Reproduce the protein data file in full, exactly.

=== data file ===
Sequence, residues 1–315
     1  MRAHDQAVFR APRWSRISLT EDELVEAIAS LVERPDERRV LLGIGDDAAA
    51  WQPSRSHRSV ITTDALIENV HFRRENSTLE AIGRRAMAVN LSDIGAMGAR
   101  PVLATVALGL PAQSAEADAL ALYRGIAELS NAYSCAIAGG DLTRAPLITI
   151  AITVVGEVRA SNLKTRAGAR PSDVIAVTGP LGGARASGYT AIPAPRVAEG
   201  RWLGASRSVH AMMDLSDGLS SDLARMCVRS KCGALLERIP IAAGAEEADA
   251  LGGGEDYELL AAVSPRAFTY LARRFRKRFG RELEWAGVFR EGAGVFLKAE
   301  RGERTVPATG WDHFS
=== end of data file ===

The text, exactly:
Sequence, residues 1–315
     1  MRAHDQAVFR APRWSRISLT EDELVEAIAS LVERPDERRV LLGIGDDAAA
    51  WQPSRSHRSV ITTDALIENV HFRRENSTLE AIGRRAMAVN LSDIGAMGAR
   101  PVLATVALGL PAQSAEADAL ALYRGIAELS NAYSCAIAGG DLTRAPLITI
   151  AITVVGEVRA SNLKTRAGAR PSDVIAVTGP LGGARASGYT AIPAPRVAEG
   201  RWLGASRSVH AMMDLSDGLS SDLARMCVRS KCGALLERIP IAAGAEEADA
   251  LGGGEDYELL AAVSPRAFTY LARRFRKRFG RELEWAGVFR EGAGVFLKAE
   301  RGERTVPATG WDHFS